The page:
Tag Archives: development

On Consciousness

This is number 5 in my “On” series. Others include On Capitalism, On Privilege, On Freedom and On Constitutionalism. Forthcoming: On Fear and On Democracy.

The philosopher Daniel Dennett tells a funny story: he says when he’s at a party and someone asks him what he does, and he says he’s a professor, their eyes glaze over. When he’s at a party of professors and one asks him what his field is and he says “philosophy,” their eyes glaze over. And when he’s at a party of philosophers, and one asks him what he studies and he says “consciousness,” their eyes glaze over. So the philosophy of consciousness is not something that inspires excitement in even the most scholarly among us, but I argue here that it is precisely where we’ve gone astray and is the solution to most of the problems we – the modern world – face.


Daniel Dennett

I’ve written at some length about the idea of development, that is, that we change and grow over time. This is an idea about which most modern societies have some ambiguity; we both know and do not know that it is going on. We all know that children develop – that phases of development are natural and normal, and it is normal for your two year old to be self-centered in a way that would make an adult appear like a psychopath. But then we have the idea that development somehow stops at some magical age – between 18 and 21 – after which we are “all equal.” And yet we also know that this is not true, which is why you have to be 35 to be president of the United States, and no undergrads are tapped to be university presidents. What I’m saying is not new agery, but standard developmental psychology: development continues on throughout adulthood and most never come anywhere near the “end” point.


Graham Hancock

But what I want to address here is not so much the level of consciousness, but the state of consciousness prevalent in the modern West (and increasingly, the East). I was prompted to this by a “banned” TED talk by Graham Hancock, who makes a strong case that there is something like a conspiracy against certain states of consciousness. Now Hancock holds that these preferable states are accessible through certain psychotropic plants – he is not the first I’ve heard say that it is highly likely that the substances used in the ancient mystery schools (of which Plato was probably a member) were psychotropic. I don’t condone the use of these substances, in fact I’m fairly neutral on them, but Hancock also argues persuasively that the societally approved drugs – particularly ones like caffeine and ritalin – promote a state that, while good for problem-solving, is not conducive to examining the moral questions we face. This may be why the “best and the brightest” of our societies have brought us the nuclear bomb, GMOs and a generally more dangerous world. They know “what” to do but not “why” it should be done – it shouldn’t.* This “rational” state that we are encouraged to remain in makes us good cogs in the gigantic machines we are all part of, thoughtlessly commuting to jobs that generally make the world worse.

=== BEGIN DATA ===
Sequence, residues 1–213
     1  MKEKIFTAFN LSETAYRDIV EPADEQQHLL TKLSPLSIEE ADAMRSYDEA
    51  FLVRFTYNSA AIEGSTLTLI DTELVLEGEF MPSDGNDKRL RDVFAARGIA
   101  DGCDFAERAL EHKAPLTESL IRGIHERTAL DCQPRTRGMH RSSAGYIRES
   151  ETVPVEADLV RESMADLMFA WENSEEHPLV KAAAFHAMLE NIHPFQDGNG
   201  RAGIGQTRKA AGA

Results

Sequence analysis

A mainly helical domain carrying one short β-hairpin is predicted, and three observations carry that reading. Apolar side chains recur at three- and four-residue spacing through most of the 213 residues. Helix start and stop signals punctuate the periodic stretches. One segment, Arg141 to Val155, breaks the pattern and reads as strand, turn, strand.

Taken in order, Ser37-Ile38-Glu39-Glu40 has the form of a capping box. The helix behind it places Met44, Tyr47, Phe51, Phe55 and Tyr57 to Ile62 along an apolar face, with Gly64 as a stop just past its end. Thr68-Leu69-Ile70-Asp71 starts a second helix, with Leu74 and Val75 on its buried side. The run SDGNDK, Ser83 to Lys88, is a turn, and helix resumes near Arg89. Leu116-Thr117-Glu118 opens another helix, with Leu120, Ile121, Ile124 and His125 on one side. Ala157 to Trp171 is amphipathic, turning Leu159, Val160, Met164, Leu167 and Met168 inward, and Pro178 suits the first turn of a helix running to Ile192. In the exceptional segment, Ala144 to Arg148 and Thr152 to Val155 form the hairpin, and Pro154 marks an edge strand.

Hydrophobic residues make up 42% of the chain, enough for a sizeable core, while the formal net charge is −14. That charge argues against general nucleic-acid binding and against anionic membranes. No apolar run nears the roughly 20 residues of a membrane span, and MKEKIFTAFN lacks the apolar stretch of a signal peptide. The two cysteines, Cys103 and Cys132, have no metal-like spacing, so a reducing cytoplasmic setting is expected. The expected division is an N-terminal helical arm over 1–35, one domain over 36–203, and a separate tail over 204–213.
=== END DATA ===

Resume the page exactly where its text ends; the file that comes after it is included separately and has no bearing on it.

It is my view that these preferred states are accessible without any substances; through introspection and perhaps meditation, though they probably do require the elimination of the “approved” substances and daily stresses. Hancock is quite compelling in his argument that the prevalent state of consciousness has created most of the problems we see around us and that they cannot be solved from that same state of consciousness, but require another.

  • For those who would accuse me of being anti-science: I’m not recommending going back to what was before science, but going beyond it – putting science into a larger framework which factors in moral considerations.


Filed under academia, Education, Environment, Globalization, intellect, mind

Reflective Practice #3 – Development

AT the lower levels of education – preschool and elementary – teachers know, intuitively or explicitly that they are dealing with children who are developing. This development is far from merely academic. Some are still potty-training and developing emotional resources to deal with the outside world. By high school, it tends to be assumed that we are dealing with mini-adults, and their issues with being functional and serious are attributed to “immaturity,” which is seen almost as a character flaw. But developmental psychology shows that during the high school years, there is one discrete phase that young people go through. Some call it “fulcrum three” – the first fulcrum, or pivot point being around five months, and the second around the time of potty training (two-ish). In each of these phases a discrete sense of self is developed. First, the sense that the child is not the mother, and second, an individual ego sense develops.

It is not until about age fifteen that children begin to break out of this egoic phase, and realize that they are part of larger structures – nation, community, tribe. Hawaiian educators spend a lot of time teaching that “itʻs a kākou thing” – i.e., that there is a collective dimension to an individual’s existence, and as self-identified “Hawaiian educators” we view the Hawaiian nation as the primary structure of this emerging identity. But I doubt that most do this consciously, and hence attribute any failure to societal or familial disfunction, when in fact it is normal growth, not yet completed.

We need to begin thinking of the teaching of higher grades, and college, as a extension of the process begun in pre- and elementary school. We also need to realize that this growth is by its nature slow, and can continue well beyond fulcrum three. Models that look for quick growth – within a year or even a semester – are therefore very flawed and likely detrimental to healthy development.

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Filed under academia, Education, intellect